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ow of serum proteins into the tissues, epithelial cell proliferation, and selective local accumulation of mononuclear cells emphasize these phenomena.5 It is generally accepted that the mechanical removal of contaminants and the adjunctive use of antibiotics and disinfectants are the conventional treatment for aggressive periodontitis. Further, the biolm structure of dental plaque confers remarkable resistance to species within the biolm.6-8 Also, there is an increasing concern regarding the development of antibiotic resistance.9 The uncertainty about antibiotic usage primarily arises from the lack of knowledge about microbial changes brought about within dental biolms. Prior to the notion of biolm-conferred antibiotic resistance, one might have surmised that a systemically administered antibiotic reaching the subgingival microbiota would kill virtually all sensitive species in that region.8 After the concept of increased resistance due to biolm structure, one might entertain the possibility that few, if any, species are affected.8-10 In addition, because of the variability in the design of existing studies, we are unable to conclude which antimicrobial agent, dosage, and duration provide the optimal clinical and microbiological effect in aggressive periodontitis patients. For these reasons, alternatives that might efciently remove periodontal bacteria from the hard tissue surfaces are being sought. Photodynamic therapy (PDT) could become a new method of antibacterial treatment and may be used as an adjunct to, or as conventional therapy for, the treatment of aggressive periodontitis. PDT is based on the principle that a photoactivatable substance, the photosensitizer, binds to the target cell and can be activated by light of a suitable wavelength. During this process, free radicals of singlet oxygen are formed, which then produce an effect that is toxic to the cell. When reports emerged on the light-absorbing properties and uorescence of various dyes, it became clear that dye excitation by light exerts a destructive action on biologic systems. This so-called photodynamic action was described as a process in which light, after being absorbed by dyes, sensitizes organisms to visible light-inducing cell damage.11 Raab12 studied this reaction, showing the killing of protozoa in the presence of acridine when irradiated with light in the visible range of the spectrum. Although PDT is more widely known for its application in the treatment of neoplasms,13 there is an interest in antimicrobial PDT, because a large number of microorganisms (including oral species) were reported to be killed in vitro by this approach.14-17 Furthermore, the potential of some key virulence factors (lipopolysaccharide and proteases) were shown to be reduced by photosensitization.18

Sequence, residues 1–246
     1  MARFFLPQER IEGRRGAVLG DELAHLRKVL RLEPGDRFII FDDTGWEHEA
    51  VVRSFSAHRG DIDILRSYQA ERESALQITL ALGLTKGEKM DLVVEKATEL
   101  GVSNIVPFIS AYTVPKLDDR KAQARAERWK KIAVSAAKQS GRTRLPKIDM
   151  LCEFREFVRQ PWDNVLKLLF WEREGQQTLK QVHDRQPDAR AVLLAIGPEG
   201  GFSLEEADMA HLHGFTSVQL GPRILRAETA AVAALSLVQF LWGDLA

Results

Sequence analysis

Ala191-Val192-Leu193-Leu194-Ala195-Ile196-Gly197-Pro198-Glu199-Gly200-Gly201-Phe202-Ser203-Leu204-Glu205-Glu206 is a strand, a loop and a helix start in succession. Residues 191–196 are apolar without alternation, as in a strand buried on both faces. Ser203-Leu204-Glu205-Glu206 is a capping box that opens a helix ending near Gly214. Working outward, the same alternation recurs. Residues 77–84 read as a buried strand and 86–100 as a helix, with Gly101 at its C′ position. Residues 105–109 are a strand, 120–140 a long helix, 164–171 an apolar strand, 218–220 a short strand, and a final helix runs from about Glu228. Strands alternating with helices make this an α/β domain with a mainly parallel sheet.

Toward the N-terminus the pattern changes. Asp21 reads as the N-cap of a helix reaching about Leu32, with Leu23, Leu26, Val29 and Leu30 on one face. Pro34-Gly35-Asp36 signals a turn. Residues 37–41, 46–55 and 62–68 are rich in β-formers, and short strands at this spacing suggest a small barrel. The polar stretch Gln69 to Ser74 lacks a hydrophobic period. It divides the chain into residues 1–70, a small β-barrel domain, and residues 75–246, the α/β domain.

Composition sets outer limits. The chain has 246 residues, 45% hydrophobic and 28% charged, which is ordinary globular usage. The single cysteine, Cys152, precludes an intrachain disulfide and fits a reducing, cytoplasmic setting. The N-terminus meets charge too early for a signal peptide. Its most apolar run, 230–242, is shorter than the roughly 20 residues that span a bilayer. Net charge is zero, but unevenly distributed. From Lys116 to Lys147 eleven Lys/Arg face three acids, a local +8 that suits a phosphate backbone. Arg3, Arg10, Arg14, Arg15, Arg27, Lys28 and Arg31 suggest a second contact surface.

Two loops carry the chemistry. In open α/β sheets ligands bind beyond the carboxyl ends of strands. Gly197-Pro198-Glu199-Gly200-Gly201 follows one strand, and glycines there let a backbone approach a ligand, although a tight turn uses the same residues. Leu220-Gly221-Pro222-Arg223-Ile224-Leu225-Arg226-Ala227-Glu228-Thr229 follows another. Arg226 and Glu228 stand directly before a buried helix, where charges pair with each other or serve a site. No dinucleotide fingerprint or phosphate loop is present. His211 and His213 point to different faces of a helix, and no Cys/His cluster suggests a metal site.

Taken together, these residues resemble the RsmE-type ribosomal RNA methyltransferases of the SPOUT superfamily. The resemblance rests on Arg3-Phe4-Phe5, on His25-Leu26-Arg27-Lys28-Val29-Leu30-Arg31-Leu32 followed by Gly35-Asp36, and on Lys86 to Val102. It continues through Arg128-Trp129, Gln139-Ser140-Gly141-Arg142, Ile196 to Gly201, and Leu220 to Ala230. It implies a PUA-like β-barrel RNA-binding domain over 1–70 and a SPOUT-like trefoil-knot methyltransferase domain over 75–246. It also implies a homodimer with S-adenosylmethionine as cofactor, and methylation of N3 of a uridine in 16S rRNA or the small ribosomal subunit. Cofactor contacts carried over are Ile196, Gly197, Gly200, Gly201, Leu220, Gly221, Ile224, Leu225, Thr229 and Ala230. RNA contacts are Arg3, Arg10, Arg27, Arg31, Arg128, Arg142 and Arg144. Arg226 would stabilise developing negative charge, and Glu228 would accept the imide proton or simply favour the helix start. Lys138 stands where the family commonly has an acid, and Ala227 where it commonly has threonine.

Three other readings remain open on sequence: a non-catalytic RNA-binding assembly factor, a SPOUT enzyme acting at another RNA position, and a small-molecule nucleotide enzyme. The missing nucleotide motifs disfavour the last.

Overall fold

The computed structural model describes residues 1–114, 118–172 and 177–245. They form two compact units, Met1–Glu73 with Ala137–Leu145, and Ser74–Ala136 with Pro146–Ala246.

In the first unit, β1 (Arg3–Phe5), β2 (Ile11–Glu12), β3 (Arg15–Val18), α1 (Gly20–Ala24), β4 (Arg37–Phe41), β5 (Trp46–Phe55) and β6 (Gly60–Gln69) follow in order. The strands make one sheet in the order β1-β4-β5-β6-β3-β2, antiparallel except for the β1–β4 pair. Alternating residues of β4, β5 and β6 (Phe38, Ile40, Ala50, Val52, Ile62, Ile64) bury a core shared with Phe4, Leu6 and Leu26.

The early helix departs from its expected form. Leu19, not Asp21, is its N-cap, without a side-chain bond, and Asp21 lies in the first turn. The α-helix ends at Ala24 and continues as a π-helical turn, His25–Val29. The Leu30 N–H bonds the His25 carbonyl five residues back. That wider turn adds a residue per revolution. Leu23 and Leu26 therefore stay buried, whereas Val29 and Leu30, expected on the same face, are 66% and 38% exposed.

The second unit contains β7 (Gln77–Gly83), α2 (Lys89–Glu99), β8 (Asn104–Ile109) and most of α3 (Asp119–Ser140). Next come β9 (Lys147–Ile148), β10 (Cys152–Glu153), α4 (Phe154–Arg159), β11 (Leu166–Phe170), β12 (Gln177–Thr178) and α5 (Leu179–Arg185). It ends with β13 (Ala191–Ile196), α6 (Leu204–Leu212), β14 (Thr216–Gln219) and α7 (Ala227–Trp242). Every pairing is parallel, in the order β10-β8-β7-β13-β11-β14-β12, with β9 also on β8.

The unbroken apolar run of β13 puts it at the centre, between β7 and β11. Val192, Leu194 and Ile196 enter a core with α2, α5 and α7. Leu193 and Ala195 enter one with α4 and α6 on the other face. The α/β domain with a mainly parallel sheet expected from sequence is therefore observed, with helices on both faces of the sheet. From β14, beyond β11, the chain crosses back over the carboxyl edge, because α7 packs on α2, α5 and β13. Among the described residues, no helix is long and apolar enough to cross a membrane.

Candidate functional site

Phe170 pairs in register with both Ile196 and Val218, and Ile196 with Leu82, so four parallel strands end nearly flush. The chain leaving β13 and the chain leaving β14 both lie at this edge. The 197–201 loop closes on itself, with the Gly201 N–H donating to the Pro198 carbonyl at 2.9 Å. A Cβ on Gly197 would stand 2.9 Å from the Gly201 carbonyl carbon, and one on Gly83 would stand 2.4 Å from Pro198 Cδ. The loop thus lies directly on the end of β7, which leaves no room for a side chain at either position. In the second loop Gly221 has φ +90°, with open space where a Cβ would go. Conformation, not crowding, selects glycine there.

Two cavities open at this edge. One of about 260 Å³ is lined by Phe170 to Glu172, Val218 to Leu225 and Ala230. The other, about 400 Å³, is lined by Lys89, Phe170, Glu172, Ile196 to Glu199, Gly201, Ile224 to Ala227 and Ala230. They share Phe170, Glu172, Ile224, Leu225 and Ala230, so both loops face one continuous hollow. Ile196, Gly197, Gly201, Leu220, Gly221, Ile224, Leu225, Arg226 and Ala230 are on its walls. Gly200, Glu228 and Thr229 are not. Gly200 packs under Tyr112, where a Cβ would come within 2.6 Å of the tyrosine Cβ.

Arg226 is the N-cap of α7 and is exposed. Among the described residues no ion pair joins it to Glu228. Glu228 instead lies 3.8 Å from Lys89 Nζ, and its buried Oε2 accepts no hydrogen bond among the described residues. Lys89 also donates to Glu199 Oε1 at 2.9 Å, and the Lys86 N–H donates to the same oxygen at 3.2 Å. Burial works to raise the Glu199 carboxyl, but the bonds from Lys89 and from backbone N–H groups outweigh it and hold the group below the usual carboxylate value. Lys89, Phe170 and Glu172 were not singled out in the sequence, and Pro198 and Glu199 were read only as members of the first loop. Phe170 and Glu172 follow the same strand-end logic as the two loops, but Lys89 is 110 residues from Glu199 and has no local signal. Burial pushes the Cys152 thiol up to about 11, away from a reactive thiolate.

Gingival crevicular uid (GCF) is regarded as a window for the non-invasive analysis of periodontal conditions, including markers of connective tissue and bone destruction.19 Tumor necrosis factor-alpha (TNF-a) upregulates collagenase and prostaglandin E2 synthesis and is believed to break down attachment via protease-mediated mechanisms.20 In acute inammatory gingivitis lesions, T cells predominate,21 whereas in the later-occurring immune response, large numbers of B cells are present.22 This has led to speculations on the protective role of cellular immune responses in gingivitis. In aggressive periodontitis, enhanced phagocytosis, lysis of bacteria, and the destructive role of humoral immune responses have been discussed.23 The resorption of bone is regulated by the molecular interplay of receptor activator of nuclear factor-kappa B ligand (RANKL) and osteoprotegerin (OPG), a system of two molecules belonging to the TNF ligand and receptor families, respectively.24 RANKL is expressed predominantly as a membrane-bound ligand on osteoblasts, broblasts, and activated T and B cells, and its osteoclastogenic action can be blocked by its soluble decoy receptor OPG.25,26 The expression of RANKL and OPG is tightly regulated by systemic and local stimuli, including hormones, inammatory mediators, bacterial products, and immunosuppressive drugs.24 Therefore, the aim of this clinical trial was to investigate TNF-a and RANKL levels in the GCF of patients with aggressive periodontitis at different times before and after treatment with PDT or scaling and root planing (SRP). MATERIALS AND METHODS Patient Population The research protocol was reviewed and approved by the Human Research Committee of the School of Dentistry of Ribeirao Preto, University of Sao Paulo, on December 7, 2005 (protocol 05.1.1038.53.9). Ten patients (eight women and two men) aged 18 to 35 years (mean age, 31 years) with a clinical diagnosis of aggressive periodontitis were selected (Table 1). The selected patients had a minimum of 20 teeth (mean, 26 teeth), with a least one tooth in each posterior sextant and at least one posterior sextant with a minimum of three natural teeth. The subjects also presented with 5 mm of attachment loss around at least seven teeth, excluding rst molars and central incisors.27,28 Criteria for exclusion from the study were periodontal treatment within the last 6 months, systemic diseases that could inuence the outcome of therapy, pregnancy, smoking, and the ingestion of systemic antibiotics within the last 6 months. All participants signed informed consent forms. Study Design The study was performed using a split-mouth design. Ten pairs of contralateral maxillary single-rooted